House is searching his face, and it takes Wilson a moment to realize that House is looking for reassurance, for the calm confidence that all his patients look for, when he’s the only thing standing between them and the unknown. And he’s inexplicably moved by this, by the still-new realization that this skittish, angry best friend of his, his deeply troubled brother of the heart, has chosen to trust him so completely. So when he looks back at House, his own eyes shine with warmth and compassion and assurance as he says, very quietly, “It’ll be okay. We’ll get through this. It will be all right.”

House’s eyes bore into his a moment more before he looks away uncomfortably; it’s clear that he wants to believe what Wilson is saying. But it’s almost as if he’s having trouble granting himself permission to do so. So Wilson keeps talking. His words aren’t thought out now; he’s speaking purely on instinct.

“It’s okay, House. Don’t fight it so hard, and don’t fight it alone. I’m here. I want to be here, and I want you to let me fight the battles for now, while you get your strength back. That’s your only job; I’ll take care of all the rest.”

Wilson has, thus far, been careful not to look at House while he speaks. But now, he makes a point of looking directly at him. “You chose me as your physician. I’m… honored that you did. And I take that… trust… very seriously. You’ll get through all this. We’ll get through it. Together. That’s just the way it’s supposed to be.”

Now Wilson stands, and turns away from the couch, away from House, as he says, “Back in a minute. You’ve been off the TPN long enough; gonna go set it up for the night. Just relax a few minutes.” Yeah, I know I just stormed the gates, and you’re uncomfortable right now. Maybe even scared. So take some time, think about it. Get used to it. It’s okay.

CHAPTER FIVE: Discomfort

After Wilson gets the IV pump set up in the bedroom, he returns to the living room. House has somehow managed to swing his legs onto the couch, and he’s moving restlessly beneath a thin blanket. Wilson watches for just a moment, then continues on to the kitchen. Although his instincts tell him to go to House’s side, his respect for the privacy of House’s pain is stronger; he forces himself to grant House that dignity.

When he’s got a fresh pot of coffee brewing, several minutes have passed and his worry has grown. He stands quietly at the entryway, watching as House tries—and fails—to get comfortable.

House must sense the concerned eyes on him; he turns his head and fixes Wilson with a hard stare. But what could have been an awkward moment passes, when Wilson conversationally offers coffee and a snack. He’s careful to hide his sympathy, his guilt at being the indirect cause of this new pain. And if House notices either, he pretends he doesn’t.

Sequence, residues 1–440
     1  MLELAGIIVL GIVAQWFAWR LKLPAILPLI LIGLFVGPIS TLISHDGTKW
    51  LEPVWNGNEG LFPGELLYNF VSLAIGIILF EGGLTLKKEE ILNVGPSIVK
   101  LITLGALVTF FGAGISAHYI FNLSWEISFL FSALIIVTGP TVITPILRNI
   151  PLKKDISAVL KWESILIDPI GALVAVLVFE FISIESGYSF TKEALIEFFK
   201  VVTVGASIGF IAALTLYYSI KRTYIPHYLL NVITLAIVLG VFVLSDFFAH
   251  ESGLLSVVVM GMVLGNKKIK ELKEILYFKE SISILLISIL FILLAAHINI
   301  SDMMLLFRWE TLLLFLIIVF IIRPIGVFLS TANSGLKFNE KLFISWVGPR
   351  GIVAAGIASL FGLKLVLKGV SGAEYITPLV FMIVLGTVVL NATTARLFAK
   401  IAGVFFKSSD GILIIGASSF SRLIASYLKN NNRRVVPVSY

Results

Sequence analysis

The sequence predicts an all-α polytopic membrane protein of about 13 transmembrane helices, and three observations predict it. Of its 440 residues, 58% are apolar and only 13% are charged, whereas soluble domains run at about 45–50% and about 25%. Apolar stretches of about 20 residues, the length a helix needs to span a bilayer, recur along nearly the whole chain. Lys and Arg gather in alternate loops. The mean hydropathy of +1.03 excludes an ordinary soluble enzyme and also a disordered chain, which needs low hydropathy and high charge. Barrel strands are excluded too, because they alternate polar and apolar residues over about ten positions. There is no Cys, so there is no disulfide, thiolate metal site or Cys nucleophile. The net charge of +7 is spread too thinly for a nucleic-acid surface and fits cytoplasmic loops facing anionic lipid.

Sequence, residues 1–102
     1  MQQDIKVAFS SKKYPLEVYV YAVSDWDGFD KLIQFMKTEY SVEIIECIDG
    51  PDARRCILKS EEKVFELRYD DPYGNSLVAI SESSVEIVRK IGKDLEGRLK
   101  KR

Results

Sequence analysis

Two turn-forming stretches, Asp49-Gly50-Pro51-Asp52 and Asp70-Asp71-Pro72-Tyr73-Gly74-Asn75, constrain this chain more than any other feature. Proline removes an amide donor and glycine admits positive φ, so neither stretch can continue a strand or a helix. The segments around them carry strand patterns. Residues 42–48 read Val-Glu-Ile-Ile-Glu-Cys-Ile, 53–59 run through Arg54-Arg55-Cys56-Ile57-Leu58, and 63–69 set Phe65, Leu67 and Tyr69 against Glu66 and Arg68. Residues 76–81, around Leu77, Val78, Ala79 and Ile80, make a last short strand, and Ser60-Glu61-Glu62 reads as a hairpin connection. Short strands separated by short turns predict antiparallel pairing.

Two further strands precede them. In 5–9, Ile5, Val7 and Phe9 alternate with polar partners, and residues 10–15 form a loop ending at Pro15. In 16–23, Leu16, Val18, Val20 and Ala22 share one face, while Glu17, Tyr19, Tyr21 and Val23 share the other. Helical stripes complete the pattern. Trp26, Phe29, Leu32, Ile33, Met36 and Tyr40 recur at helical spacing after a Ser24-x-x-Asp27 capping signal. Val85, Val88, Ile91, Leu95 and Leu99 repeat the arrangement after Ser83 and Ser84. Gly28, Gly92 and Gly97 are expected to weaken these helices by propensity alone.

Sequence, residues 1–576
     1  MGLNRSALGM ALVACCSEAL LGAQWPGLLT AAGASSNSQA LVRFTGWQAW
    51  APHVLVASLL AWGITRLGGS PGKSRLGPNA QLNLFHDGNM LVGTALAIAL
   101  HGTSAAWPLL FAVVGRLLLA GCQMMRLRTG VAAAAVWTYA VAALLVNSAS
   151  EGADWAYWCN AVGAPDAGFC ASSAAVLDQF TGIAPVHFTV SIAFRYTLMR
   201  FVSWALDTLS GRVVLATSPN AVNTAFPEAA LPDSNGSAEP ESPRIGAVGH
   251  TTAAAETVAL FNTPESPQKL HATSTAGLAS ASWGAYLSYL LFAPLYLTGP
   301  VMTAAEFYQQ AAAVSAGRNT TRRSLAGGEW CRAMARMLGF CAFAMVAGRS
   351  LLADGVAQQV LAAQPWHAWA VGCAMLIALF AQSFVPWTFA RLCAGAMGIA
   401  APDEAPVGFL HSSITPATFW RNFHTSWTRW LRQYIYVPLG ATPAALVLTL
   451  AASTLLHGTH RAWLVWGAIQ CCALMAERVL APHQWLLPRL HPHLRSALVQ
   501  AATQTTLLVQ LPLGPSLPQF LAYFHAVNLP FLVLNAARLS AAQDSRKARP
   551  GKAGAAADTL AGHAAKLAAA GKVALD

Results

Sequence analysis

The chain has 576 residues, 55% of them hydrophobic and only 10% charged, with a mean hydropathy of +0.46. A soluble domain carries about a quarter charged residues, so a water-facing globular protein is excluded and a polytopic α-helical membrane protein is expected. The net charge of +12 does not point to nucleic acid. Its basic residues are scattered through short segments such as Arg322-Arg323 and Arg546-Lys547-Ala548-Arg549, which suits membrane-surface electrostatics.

They eat in companionable silence, and Wilson is happy to see that House appears to be enjoying the late meal. He’s eaten half a muffin hungrily, and Wilson is just about to encourage him to eat the other half when the calm is shattered as House’s coffee cup hits the floor, and he’s unable to silence a strangled gasp.

His hands fly unsteadily to his left leg, but the pain of the needle sticks makes it impossible for him to massage the muscle. Each time he tries to touch the tender areas, he seems to cause himself more torment. Finally, he reaches out wildly towards Wilson, grasping his wrist as if reaching for an anchor.

Wilson gently untangles the sweaty fingers from his own already-bruised wrist and instinctively pulls the trembling body to him. He knows he can’t touch the leg, so he tries to ease House’s agony with a quiet, constant murmur of reassurance, and with the comfort of human contact. But even as he tries to help, Wilson’s mind is telling him that this is everything House hates—and fears. I could be undoing everything here… but there’s nothing else to do….

House’s mind is as tormented right now as his body; he’s railing against his own need for comfort as much as he’s fighting the sudden physical agony. Then he catches a glimpse of Wilson’s face, and in the one part of his brain that’s always escaped, unscathed, from both the pain and the drugs, the analytical part, he notes something almost clinically; Anyone watching wouldn’t be able to tell which of us was hurting more….

Wilson continues a stream of soothing words, and finally he feels House’s grip relax on his arm, his head sag against his shoulder for just a moment before House pulls away from him, slowly. And without apology, without embarrassment.